I quite enjoyed this book. Sure, it wasn't four star status, which is about the highest I ever give, but it was definitely an amusing read. I think a max of 2 f-bombs and no other real swearing, which is a surprise considering that the Brits take their swear words even easier than half the US does. Also, some shall I say, interesting, characters. A hooker, an underworld mobster's relative, etc. A little lower grade of people but enjoyable and likeable none the less. Told from the perspective of I quite enjoyed this book. Sure, it wasn't four star status, which is about the highest I ever give, but it was definitely an amusing read. I think a max of 2 f-bombs and no other real swearing, which is a surprise considering that the Brits take their swear words even easier than half the US does. Also, some shall I say, interesting, characters. A hooker, an underworld mobster's relative, etc. A little lower grade of people but enjoyable and likeable none the less. Told from the perspective of a seven year old girl with bits and pieces that she "overhears" which give an adult perspective and then her take on what she hears or observes which gives and amusing spin to the activities.

  14. 5 out of 5

    Michele Bolay

    This is a word-of-mouth book that is hard to describe but easy to love. The characters are unique and unforgettable (especially young Rosie) and the writing is quirky, sassy, funny, and affectionate. I wasnt in London in the 1950s, yet this feels like such a true slice-of-life from that period and that location. You fall into Grangers world and wont ever want to escape. Just like a good apple this delicious treat is satisfying and easy on the palate but will linger long after you are finished. This is a word-of-mouth book that is hard to describe but easy to love. The characters are unique and unforgettable (especially young Rosie) and the writing is quirky, sassy, funny, and affectionate. I wasn’t in London in the 1950s, yet this feels like such a true slice-of-life from that period and that location. You fall into Granger’s world and won’t ever want to escape. Just like a good apple this delicious treat is satisfying and easy on the palate but will linger long after you are finished.

  15. 5 out of 5

    Phoebe

    Beloved little Rosie is a child truly raised by a "village"--the tightknit community of London's seedy SoHo in the post WWII years. Her mother is a drunk and a prostitute, but with a mysteriously posh past, and Rosie is the foster child of cafe owners Uncle Bert and Aunt Maggie. Lively characters make this book a wonderful treat, seen through the innocent, yet sharp, eyes of Rosie. Haven't read such a great book in a long time.

  16. 4 out of 5

    Monica

    The word cozy was made for stories like this - a warm nostalgic glance back at a small slice of Soho in the summer of Elizabeth II's coronation. There is a cast of lovable working class (and working girl) eccentrics, the villains are easily thwarted and a good cuppa will cure almost anything. It's guilt free pleasure.

  17. 5 out of 5

    Rosemary

    One of my favorite books for whenever I need a laugh. The young narrator's interpretation of her very Bohemian life of 1950s makes for a marvelous view of a Soho filled with tarts (not all apple), petty criminals, working blokes, and a charming Italian family.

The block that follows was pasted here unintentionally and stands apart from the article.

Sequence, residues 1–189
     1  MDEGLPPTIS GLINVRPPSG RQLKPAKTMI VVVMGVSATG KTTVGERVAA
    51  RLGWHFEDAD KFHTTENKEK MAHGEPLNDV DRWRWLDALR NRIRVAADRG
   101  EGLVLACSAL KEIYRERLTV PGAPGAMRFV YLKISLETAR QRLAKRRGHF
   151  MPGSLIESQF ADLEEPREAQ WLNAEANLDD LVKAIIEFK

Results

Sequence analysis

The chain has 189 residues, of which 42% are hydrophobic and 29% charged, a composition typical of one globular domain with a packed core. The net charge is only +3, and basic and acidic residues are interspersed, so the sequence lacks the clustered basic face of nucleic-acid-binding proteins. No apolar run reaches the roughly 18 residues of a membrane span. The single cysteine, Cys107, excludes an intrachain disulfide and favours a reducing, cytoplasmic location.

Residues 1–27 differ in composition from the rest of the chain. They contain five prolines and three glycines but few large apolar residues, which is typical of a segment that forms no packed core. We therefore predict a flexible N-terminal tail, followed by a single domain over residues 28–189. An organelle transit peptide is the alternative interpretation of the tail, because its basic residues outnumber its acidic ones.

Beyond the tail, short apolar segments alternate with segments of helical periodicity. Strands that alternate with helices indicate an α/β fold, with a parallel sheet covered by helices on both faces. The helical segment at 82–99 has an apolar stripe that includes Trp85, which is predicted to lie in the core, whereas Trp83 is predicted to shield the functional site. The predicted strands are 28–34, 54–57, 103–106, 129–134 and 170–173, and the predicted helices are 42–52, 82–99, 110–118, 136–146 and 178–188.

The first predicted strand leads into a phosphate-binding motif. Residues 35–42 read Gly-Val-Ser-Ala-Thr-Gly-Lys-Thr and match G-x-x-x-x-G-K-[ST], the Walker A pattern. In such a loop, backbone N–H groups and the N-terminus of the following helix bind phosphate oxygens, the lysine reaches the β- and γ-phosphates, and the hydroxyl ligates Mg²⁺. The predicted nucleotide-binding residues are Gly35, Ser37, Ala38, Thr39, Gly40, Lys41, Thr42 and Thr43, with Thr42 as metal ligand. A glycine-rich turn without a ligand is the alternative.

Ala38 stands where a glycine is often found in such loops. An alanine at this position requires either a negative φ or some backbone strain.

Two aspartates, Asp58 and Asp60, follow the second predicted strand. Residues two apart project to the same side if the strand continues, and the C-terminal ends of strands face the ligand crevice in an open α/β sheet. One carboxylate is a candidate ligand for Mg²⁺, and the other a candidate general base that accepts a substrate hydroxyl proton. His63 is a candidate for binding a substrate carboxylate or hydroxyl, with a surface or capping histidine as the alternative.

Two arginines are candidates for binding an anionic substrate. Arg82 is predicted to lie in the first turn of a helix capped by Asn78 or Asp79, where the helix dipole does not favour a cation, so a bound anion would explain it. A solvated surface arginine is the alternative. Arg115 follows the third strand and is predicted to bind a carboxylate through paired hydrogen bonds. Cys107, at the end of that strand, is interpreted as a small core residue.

18. 5 out of 5

    Alannah

    Loved this book and the others in the series! Reminded me of the stories my Nan used to tell me from her childhood. (Some if it...not the prostitue mother etc) a warm story of community, good people and lots of love.

  19. 4 out of 5

    Summer

    Really cute, very British book. A nice light read.

  20. 4 out of 5

    Jane

    Should have been a lot more entertaining and enjoyable than it was. Wanted to connect with the characters but never did. They just seemed more like caricatures than real people.

  21. 5 out of 5

    Lindsay

    A charming tale and wonderful introduction to the work of Pip Granger. Liked it much more than The Widow Ginger. Have yet to read her newer novels.

  22. 5 out of 5

    Bethany

    Pip Granger writes about the England we love. . .and that isn't there any more. Charming!

  23. 5 out of 5

    Jessica

    The child's perspective is really charming and fun, and the family relationships and historical detail are great.

  24. 5 out of 5

    Benjamin Revier

    London in the 50's... A precocious young girl discovering a family secret. Not exactly the mystery I was expecting, but still an enjoyable light read.

  25. 5 out of 5

    Vicki B

    A very cute read! Loved the English colloquialisms...too bad I didn't know about the glossary at the back until the end.

  26. 4 out of 5

    Sue Kozlowski

    I really loved this. Debut novel. Very British. Rosa lived with Uncle Bert and Aunt Maggie above café.

  27. 4 out of 5

    Julie

    3.5 stars

  28. 5 out of 5

    Claudia

    Really clever story about a young girl in the London slums in 1953. It is classified as a mystery but it isn't a typical "murder" mystery in fact I would have just classified it as fiction.

  29. 4 out of 5

    Moirad

    Child narrator growing up in seedy 1950s Soho. Lovable working class Londoners, untrustworthy, devious upper classes (apart from fairy godmother great aunt). Too sentimental.

  30. 5 out of 5

    Stephanie Schuster

    Cute cute cute. Love the picture of the London underground as a cozy place to raise a kid. Home is where the heart is.